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America Imagine the World Without Her
Robin Williams Come Inside My Mind
Beyond the Rainbow
George Harrison Living in the Material World 1 of 2
The Putin Interviews 4of4
Never Sleep Again: The Elm Street Legacy 2
March of the Penguins
My Octopus Teacher
The Armstrong Lie
Prediction By The Numbers
Inside Bills Brain: Decoding Bill Gates 3of3
The Story of India: The Power of Ideas
He Named Me Malala
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The Turning Point
The German army launched Operation Barbarossa, the invasion of the East, with supreme confidence in its own superiority. High Command was sure that victory would come as quickly and as easily as in France. At the onset, the troops advanced rapidly and the Panzer forces under General Guderian were unbeatable. There were, however, far more casualties and more wear-and-tear on equipment than anticipated. The invading force got bogged down short of Moscow and the withdrawal from there was a severe psychological blow to the men. When an extremely severe winter set in, morale sank further. The soldiers were not equipped for such low temperatures and their guns and machinery could not cope. Hitler ordered his troops to stand firm.
Among the ranks of the Wehrmacht there was limited opposition to Hitler. Most officers initially felt enthusiastic about the prospect of war and were grateful to Hitler whose war-mongering had furthered their personal careers. Furthermore all soldiers had to make an oath of allegiance to the Führer and, up until the very end, there were many who felt unable to break this pledge. There were, however, some officers who opposed Hitler. For some it was on moral grounds and for others because they thought that his military tactics would lose them the war. There were plots against Hitler and attempted coups, the best known being the July bomb plot led by Claus von Stauffenberg. Some soldiers refused to bear arms and were shot, others deserted, others still carried out quiet acts of sabotage and subversion. By and large, however, the Wehrmacht carried out the orders Hitler issued, even if it involved perpetrating acts of atrocity.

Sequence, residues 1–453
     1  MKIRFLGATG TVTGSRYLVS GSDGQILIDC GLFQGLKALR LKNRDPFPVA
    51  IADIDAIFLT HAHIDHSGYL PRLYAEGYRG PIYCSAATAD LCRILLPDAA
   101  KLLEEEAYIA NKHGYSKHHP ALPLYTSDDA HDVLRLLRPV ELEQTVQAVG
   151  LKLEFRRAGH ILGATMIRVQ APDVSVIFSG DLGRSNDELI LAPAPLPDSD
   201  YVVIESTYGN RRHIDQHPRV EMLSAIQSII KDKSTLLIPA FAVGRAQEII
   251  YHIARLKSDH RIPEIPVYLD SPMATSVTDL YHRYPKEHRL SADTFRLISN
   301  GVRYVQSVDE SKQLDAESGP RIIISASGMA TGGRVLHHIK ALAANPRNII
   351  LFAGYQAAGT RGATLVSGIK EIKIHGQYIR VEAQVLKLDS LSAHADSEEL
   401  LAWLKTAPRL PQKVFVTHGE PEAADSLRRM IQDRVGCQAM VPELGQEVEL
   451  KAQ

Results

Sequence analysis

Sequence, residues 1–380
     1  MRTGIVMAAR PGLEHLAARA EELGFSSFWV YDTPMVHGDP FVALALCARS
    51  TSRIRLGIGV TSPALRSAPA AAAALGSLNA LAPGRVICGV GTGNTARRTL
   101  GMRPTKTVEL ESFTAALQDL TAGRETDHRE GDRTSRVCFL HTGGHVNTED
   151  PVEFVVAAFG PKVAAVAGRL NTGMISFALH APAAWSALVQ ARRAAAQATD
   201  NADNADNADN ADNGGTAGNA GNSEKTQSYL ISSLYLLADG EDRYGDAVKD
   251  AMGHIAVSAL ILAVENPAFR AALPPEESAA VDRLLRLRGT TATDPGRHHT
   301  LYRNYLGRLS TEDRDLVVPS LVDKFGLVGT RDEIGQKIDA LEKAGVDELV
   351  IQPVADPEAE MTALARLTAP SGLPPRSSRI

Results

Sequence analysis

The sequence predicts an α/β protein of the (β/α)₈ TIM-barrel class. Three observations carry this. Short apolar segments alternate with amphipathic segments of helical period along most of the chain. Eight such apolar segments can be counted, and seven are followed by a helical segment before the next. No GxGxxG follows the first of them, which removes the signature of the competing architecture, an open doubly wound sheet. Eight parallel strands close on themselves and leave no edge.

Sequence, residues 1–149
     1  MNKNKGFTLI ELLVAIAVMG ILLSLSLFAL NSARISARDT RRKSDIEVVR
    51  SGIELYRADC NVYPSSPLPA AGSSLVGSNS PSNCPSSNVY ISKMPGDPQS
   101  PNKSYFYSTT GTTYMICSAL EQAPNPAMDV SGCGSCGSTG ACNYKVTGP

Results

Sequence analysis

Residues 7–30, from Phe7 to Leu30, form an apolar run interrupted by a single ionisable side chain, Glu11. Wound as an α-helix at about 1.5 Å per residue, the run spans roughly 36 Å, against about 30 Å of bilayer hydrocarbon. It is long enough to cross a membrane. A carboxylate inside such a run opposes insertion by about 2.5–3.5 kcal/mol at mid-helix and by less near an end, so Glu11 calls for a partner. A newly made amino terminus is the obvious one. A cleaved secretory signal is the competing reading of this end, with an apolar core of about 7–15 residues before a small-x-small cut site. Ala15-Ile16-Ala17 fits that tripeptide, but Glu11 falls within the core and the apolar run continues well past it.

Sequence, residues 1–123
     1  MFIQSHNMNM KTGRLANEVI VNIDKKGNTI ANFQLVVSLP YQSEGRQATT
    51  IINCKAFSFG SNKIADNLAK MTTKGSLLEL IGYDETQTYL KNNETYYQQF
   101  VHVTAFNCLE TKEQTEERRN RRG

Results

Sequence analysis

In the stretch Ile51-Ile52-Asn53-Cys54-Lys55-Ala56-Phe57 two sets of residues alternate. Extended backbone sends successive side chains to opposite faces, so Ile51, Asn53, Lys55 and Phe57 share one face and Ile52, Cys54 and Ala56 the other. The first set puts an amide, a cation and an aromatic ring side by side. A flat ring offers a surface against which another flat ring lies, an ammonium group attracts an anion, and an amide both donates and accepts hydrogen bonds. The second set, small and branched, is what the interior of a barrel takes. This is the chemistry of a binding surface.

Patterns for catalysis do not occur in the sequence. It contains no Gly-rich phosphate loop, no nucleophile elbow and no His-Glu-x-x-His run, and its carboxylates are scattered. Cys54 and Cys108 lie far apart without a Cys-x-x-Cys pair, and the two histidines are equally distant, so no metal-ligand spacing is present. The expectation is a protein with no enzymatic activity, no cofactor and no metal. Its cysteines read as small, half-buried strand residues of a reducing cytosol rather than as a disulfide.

To the Bitter End
The determination of the German forces to keep on fighting in the face of defeat had disastrous consequences. After the Allied landings in the summer of 1944, the Wehrmacht was on the defensive on all fronts. It was clear to the German generals interned at Trent Park that Germany would soon lose the war. In mid-1944, Gerhard Graf von Schwerin chose to use common sense instead of blindly obeying Hitler's orders. He decided to surrender the city of Aachen to the US army to avoid bloodshed. Other commanders such as Field Marshal Ferdinand Schorner kept on pushing their soldiers to give their all. Despite being outnumbered by the Soviet forces, Schorner forced his soldiers to hold out in Sworbe, a 200 square kilometre peninsula on the coast of Estonia. Thousands of soldiers died. Yet Schorner's attitude and the urging by Hitler and Goebbels to hold out were accepted by a large number of young soldiers. By April 1944, the Ruhr pocket was completely surrounded, yet Field Marshal Model refused to surrender, so that 1.2 million German soldiers and a large number of Allied soldiers died between January and May 1945.
In the Shadow of Hitler
There is a tendency to deny German culture the equal reverence of Italy or Spain, and this enlightening new series provides a wonderful opportunity to explore a great, yet often neglected, artistic tradition whose influence has been just as profound. Andrew Graham-Dixon concludes his exploration of German art by investigating the dark and difficult times of the 20th century. Dominating the landscape is the figure of Adolf Hitler, failed artist, would-be architect and obsessed with the aesthetics of his 1,000-year Reich". In a series of extraordinary building projects and exhibitions, Hitler waged a propaganda war against every form of modern art as a prelude to unleashing total war on the whole of Europe. After the war the shadow of the Third Reich persisted, Germany remained divided and traumatised. How would artists deal with a past that everybody wanted to forget? Journeying through the work of Otto Dix and George Grosz and the age of the Bauhaus to the post-war painters Georg Baselitz, Hilla Becher and the conceptual artist Joseph Beuys is a long and strange journey, but the signs that art has a place at the heart of the new reunited Germany are clearly visible.
The Art of Germany
The second episode tells the story of the trial of Hermann Goering, Hitler's charismatic and ruthless second-in-command. On trial for his life at Nuremberg, the unrepentant Reich Marshal turned the tables on the Allies. So much so that Chief Prosecutor Justice Robert Jackson began to wish the Allies had followed Churchill's suggestion and shot the leading Nazis out of hand. This documentary drama traces the behind-the-scenes story of Goering's attempt to re-ignite Nazism from the courtroom.
Nuremberg: Nazis on Trial
George Harrison Living in the Material World
Rome Second Season
In the Footsteps of Alexander the Great
Clash of the Gods
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